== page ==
- Persistent bronchospasm and edema, Inflam cell recruitment >> DAMAGE TO MUCOSAL TISSUE

33

What triggers nonatopic asthma (4 things)?

1) Respiratory viruses
2) Inhalation of irritants
3) Cold air
4) Exercise

34

In asthma, what does repeated allergen exposure induce?

AIRWAY REMODELING
- Bronchial wall smooth m hypertrophy and hyperplasia (and inc goblet/subepith cells).
- Subepithelial fibrosis
- Submucosal gland hyperplasia, increased goblet cells
- Increased airway vascularity
- Increased thickness of airway wall.

35

Genetics of asthma

- HLA alleles
- polymorphisms in IL-13
- CD14
- ADAM-33
- B2-R
- IL-4-R

36

Curschmann spirals, think what?

ASTHMA - expelled in sputum/BAL as bronchi and bronchioles occluded by thick mucus plugs

37

Chorcot-Leyden crystals, think what?

ATPOIC ATHMA
-Contained (with eosino) in sputum/BAL

38

What is this?
Chronic, RECURRENT NECROTIZING INFECTIONS eventually destroying smooth muscle and elastic tissue.

What does this lead to?

Bronchiectasis
- Leads to permanent dilation of bronchi and bronchioles.

39

What does the recurrent necrotizing infection in bronchiectasis result in?

Inflammation and destruction and plugging up of small airways. Can obliterate nearby bronchioles >> obstructive.
- Lower lobes

40

Predisposing conditions for bronchiectasis

Anything that affects mucus clearing - primary ciliary dyskinesia (kartageners), CF, Allergic Bronchopulmonary Aspergillosis
- Immunodeficiency

41

What is this caused by? PERIOBRONCHIAL FIBROSIS >> bronchiolitis obliterans

Repeated attempts to resolve inflammatory process that causes bronchiectasis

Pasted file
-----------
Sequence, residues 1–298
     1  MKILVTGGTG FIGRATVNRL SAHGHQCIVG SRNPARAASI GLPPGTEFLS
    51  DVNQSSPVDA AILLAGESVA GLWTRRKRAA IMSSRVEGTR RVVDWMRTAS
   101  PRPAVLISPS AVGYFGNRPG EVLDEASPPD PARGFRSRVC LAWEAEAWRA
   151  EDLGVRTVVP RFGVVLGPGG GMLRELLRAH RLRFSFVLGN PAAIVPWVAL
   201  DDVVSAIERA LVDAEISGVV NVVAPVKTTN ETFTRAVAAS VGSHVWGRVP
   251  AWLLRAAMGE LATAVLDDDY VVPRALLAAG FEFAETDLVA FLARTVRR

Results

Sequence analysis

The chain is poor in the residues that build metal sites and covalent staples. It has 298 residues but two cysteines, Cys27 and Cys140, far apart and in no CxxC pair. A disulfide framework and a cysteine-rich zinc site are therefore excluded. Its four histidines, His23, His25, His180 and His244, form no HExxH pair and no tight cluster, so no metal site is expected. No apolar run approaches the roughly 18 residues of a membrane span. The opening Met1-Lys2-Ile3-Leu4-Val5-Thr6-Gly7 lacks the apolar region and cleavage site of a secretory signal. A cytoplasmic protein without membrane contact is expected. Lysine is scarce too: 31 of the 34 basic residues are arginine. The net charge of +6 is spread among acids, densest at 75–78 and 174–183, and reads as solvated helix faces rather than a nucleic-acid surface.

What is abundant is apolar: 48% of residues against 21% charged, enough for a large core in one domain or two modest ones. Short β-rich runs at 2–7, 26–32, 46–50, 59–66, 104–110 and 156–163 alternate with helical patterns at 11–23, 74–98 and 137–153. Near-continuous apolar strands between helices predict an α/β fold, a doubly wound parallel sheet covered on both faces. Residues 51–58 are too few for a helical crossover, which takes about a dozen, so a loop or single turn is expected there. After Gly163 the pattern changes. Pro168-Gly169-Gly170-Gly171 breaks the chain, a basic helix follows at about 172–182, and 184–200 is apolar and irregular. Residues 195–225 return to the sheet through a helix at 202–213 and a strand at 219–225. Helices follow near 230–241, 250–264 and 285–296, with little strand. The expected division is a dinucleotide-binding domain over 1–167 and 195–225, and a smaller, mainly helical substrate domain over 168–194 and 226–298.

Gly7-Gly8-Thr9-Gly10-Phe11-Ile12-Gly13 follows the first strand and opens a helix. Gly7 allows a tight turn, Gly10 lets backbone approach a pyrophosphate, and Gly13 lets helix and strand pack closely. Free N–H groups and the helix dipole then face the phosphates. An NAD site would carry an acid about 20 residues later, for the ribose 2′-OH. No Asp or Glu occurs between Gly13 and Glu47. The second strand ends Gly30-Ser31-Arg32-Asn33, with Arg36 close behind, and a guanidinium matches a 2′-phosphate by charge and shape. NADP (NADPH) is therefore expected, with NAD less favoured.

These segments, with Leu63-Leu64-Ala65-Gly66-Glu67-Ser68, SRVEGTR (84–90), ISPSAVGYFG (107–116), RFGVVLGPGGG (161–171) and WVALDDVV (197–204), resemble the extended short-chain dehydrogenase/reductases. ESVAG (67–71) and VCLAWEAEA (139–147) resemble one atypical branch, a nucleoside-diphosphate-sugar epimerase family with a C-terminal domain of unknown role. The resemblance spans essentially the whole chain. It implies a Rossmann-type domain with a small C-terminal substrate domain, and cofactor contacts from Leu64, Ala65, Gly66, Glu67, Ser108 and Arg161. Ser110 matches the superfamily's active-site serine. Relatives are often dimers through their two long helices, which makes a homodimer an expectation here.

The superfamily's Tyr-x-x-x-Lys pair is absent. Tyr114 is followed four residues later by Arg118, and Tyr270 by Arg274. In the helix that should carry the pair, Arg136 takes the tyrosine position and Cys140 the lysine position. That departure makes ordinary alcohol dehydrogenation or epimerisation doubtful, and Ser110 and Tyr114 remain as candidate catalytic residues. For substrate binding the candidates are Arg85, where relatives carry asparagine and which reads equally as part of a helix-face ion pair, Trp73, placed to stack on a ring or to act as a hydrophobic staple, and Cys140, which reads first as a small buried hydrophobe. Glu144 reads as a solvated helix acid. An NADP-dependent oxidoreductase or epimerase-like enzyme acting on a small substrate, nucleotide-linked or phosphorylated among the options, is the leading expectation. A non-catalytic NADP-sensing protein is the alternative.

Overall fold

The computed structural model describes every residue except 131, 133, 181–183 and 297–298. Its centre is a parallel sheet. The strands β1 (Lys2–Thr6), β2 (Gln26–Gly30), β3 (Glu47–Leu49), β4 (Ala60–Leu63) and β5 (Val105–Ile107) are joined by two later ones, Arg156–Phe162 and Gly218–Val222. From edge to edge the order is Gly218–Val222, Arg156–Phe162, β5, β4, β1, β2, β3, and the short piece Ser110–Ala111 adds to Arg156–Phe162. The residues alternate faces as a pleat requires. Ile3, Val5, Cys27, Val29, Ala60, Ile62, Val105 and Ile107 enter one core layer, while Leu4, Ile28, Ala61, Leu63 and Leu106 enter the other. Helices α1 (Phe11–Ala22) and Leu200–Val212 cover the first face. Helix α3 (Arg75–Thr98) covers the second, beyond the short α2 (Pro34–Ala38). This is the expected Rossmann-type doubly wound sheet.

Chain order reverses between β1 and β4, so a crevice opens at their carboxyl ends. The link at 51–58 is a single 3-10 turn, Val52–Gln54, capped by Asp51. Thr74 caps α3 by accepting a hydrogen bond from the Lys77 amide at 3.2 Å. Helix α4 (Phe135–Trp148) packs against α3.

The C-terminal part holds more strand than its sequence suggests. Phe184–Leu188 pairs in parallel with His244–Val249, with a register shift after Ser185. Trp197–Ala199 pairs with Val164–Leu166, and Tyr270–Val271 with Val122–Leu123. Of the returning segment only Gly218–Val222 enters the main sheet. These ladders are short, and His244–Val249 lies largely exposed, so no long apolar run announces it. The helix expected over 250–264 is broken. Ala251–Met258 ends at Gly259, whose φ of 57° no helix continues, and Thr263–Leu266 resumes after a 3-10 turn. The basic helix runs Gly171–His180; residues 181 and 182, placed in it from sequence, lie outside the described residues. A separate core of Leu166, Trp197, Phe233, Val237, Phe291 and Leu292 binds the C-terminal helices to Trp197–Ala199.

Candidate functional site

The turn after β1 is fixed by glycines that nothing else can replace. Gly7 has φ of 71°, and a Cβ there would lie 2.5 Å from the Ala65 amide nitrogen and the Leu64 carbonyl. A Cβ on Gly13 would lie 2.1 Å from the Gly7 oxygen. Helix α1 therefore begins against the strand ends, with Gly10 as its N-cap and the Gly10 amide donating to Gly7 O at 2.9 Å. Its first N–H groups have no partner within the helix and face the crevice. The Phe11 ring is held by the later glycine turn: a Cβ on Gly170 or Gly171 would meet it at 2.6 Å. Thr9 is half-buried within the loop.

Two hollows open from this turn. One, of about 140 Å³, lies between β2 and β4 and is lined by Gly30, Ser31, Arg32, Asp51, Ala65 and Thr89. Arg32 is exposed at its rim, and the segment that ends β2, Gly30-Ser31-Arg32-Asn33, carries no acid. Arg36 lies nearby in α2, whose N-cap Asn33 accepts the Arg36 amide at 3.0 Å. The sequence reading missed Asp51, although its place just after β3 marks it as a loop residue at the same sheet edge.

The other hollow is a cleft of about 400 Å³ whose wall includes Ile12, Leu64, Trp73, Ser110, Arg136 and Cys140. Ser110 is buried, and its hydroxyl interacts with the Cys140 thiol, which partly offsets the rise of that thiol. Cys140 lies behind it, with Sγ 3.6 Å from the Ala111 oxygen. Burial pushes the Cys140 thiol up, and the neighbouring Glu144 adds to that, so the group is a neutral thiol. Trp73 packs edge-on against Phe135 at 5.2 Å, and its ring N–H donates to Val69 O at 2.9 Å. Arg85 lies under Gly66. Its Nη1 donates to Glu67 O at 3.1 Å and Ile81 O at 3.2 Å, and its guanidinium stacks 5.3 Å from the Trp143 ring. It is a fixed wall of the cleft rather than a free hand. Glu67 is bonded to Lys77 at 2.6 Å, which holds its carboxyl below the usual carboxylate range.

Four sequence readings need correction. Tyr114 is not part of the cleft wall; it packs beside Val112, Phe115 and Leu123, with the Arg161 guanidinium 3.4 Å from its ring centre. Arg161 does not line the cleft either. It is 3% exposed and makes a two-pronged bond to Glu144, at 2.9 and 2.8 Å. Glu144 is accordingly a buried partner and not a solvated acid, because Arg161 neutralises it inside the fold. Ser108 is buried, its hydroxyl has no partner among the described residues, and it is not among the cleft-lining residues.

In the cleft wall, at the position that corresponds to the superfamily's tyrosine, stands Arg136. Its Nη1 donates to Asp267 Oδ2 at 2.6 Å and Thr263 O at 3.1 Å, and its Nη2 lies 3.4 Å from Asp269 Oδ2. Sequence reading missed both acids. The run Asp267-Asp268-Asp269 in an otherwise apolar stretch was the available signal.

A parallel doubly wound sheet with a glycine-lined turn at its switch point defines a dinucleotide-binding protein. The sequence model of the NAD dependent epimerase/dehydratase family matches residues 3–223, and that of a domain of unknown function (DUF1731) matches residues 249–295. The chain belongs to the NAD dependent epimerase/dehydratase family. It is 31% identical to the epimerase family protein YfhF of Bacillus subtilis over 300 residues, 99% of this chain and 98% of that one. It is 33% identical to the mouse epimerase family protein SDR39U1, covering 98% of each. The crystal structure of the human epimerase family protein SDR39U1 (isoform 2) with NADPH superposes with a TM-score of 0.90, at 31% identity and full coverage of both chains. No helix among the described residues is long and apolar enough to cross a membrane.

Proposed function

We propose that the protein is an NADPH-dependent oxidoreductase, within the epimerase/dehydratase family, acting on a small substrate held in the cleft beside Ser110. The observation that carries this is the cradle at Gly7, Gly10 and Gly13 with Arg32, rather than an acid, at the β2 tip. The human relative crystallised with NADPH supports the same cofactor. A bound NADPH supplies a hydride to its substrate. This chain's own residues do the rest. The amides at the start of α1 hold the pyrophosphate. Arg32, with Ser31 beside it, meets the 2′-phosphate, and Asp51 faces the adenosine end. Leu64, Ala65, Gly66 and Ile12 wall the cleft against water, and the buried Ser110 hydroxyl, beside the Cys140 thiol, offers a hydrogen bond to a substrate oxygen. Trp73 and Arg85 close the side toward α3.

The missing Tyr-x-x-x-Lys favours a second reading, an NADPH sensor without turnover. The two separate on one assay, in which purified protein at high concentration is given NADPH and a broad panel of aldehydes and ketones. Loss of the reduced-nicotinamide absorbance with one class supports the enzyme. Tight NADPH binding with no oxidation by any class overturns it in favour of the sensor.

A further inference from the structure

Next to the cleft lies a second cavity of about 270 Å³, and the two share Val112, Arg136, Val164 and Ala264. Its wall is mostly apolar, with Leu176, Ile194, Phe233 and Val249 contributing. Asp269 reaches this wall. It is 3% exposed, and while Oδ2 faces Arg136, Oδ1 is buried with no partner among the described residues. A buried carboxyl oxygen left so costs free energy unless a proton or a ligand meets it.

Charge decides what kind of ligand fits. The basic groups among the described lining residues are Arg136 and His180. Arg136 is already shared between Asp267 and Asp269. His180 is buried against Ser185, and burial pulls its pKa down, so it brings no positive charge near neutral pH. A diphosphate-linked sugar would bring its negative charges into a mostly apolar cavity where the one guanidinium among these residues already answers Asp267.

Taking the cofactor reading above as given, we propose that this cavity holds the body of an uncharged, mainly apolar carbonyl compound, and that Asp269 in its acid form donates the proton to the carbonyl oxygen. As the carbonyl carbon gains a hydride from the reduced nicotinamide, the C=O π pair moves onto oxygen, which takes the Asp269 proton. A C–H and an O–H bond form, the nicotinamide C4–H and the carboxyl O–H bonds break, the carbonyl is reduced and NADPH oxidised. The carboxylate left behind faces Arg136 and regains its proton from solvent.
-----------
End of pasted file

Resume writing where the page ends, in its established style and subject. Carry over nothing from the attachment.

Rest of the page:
42

Describe the genetics and dysfunction in CF.

CFTR, ch7 >> abnormal function of, or lack of epithelial chloride channel.

43

CTFR function in sweat glands v. other epithelia

Sweat glands: Cl from surface INTO CELL
Other: from cell TO THE LUMEN

44

What is CTFR's normal function?
Dysfunction?

Normally inhibits ENaC, found on all non-sweat glad epithelial cell apical surfaces.
Dysfunction results in overactive ENaC, resulting in epithelia taking up Na ions >> WATER FOLLOWS

45

What is the result of airway CTFR dysfunction in CF?

DEHYDRATED MUCUS because Cl is not transported out of the cel, so lots of Na comes into cell, followed by lots of water.

46

Deficient hydration of airway mucus leads to what in CF?

defective ciliary activity >> inability to clear mucus >> CHRONIC INFECTION >> BRONCHIECTASIS

47

What are the 4 primary infectious species in CF?

Bacteria - S. aureus, H flu, Burkholderia cepacia.
- Pseudomonas aeruginosa

48

What does Pseudomonas aeruginosa do that makes it more resistant to antibiotics and inflammatory cells in a CF patient?

Produces a mucoid capsule that allows it to form a protective biofilm.

49

Classis s/s for:
"persistent cough with productive sputum"

Bronchitis

50

Obstructive disease means what change in FEV1/FVC??

Decreased

51

Describe the pathogenesis of bronchitis.

Smoking = increase proteinase, normal antiproteinase
alpha1-antitrypsin deficiency = normal proteinase, decreased antiproteinase